Date: 9 August 2006
Brazilian President Luiz Inácio Lula da Silva signed a new law on Domestic and Family Violence against Women on 7 August 2006 in Brasilia. The law is the result of an extensive process of consultation and discussion, in which key women's organizations played a crucial role. The process was promoted by the State Secretariat of Policies for Women and supported by UNIFEM.
The law changes the Penal Code, allowing an aggressor to be arrested not only in the act of committing an offence, but also preventively, if the aggressor's freedom is determined to be a threat to a victim's life. The law also provides for gender-based crimes against women to be judged in special courts. The law's enactment fulfills a commitment made by Brazil when it signed the Convention on the Elimination of All Forms of Discrimination against Women (CEDAW).
The new legislation provides for unprecedented measures to protect women in situations of violence or under risk of death. Depending on the case, a perpetrator can be prevented from approaching the woman and her children. A victim may also recover property and cancel a power of attorney held by the aggressor. In detention cases, penalties have tripled: jail time, which used to be six months to one year, has increased to up to three years. Pecuniary penalties, that is, small fines used to punish perpetrators, have been eliminated.
The law is not limited to making penalties more severe, however. It also establishes social measures to assist women. For example, those at risk may be included in government welfare programmes, and the law provides for the inclusion of basic information on violence against women in school materials.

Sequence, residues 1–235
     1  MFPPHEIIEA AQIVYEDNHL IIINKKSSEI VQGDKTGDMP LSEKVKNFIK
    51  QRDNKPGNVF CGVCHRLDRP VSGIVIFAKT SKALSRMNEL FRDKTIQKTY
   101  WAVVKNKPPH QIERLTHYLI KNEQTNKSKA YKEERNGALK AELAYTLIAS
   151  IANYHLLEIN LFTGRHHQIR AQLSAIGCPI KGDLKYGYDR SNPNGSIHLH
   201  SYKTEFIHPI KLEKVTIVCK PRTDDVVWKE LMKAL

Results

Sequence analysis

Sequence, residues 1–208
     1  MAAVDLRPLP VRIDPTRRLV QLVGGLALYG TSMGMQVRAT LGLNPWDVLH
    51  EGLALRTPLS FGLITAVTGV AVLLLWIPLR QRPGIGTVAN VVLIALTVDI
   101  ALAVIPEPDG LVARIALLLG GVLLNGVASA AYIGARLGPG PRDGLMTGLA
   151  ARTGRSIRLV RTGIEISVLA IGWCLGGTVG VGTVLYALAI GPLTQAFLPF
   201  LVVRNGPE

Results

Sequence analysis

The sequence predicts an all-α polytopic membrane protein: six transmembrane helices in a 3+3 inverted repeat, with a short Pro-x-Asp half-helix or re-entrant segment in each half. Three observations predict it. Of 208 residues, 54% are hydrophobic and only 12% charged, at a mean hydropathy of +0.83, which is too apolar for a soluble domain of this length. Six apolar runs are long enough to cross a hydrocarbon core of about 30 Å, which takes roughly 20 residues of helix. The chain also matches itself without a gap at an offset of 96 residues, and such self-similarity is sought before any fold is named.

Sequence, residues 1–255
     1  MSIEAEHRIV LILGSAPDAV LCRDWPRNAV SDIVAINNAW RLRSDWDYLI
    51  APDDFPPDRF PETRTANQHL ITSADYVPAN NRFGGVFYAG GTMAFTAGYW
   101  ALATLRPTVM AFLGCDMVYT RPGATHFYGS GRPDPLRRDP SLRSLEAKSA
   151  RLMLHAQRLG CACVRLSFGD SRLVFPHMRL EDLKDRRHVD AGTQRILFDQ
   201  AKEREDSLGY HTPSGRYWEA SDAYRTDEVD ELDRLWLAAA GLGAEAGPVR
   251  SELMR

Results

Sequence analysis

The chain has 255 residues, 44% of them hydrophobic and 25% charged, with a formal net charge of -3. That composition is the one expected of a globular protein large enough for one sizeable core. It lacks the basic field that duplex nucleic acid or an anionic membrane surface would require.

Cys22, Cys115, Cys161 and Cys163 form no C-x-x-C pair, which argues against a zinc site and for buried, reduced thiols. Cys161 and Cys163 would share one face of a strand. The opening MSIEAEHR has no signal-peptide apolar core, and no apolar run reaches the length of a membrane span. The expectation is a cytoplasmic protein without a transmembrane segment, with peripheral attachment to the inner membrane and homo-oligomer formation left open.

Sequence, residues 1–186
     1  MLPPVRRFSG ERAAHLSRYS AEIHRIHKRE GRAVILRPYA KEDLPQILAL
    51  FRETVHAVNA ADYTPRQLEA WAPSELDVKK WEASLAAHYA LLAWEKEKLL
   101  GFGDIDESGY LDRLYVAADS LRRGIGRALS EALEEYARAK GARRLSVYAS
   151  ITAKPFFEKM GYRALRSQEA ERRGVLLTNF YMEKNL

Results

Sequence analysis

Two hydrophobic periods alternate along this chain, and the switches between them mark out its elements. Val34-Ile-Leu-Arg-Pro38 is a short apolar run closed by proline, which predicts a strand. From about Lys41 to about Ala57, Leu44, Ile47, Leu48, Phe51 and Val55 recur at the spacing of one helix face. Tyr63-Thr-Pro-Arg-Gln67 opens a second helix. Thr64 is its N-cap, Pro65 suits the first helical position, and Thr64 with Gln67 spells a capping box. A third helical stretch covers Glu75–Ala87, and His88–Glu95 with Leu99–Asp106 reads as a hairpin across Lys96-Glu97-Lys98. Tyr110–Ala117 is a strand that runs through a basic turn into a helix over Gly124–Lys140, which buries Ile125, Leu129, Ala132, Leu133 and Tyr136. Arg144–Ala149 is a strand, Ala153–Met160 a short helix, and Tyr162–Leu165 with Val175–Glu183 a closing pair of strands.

A particularly innovative aspect of the law is that it provides protection for domestic workers from physical, psychological and sexual abuse. Domestic workers are the labour force category employing the largest number of women in Brazil, consisting of approximately 6.5 million women in the country, 500,000 of them less than 18 years old.
Homage to a Survivor
The law is being referred to as the "Maria da Penha law." Maria da Penha was continuously beaten by her husband for many years in the early '80s. He tried to kill her twice. The second time, he shot her in the spine, paralyzing her permanently. Ms. da Penha then initiated a long struggle to have her husband punished for his crimes.
It was a story of frustration and disappointment because the courts repeatedly found him not guilty, a powerful example of the impunity enjoyed by gender-based violence perpetrators in Brazil. He was finally arrested almost twenty years later, staying in prison for only two years. Encouraged and supported by women's organizations, Maria da Penha resorted to the Inter-American Human Rights Commission, which found the Brazilian State guilty of negligence.
Ms. da Penha shared her experience in the book titled "Sobrevivi ... posso contar" (I survived ... I can tell my story).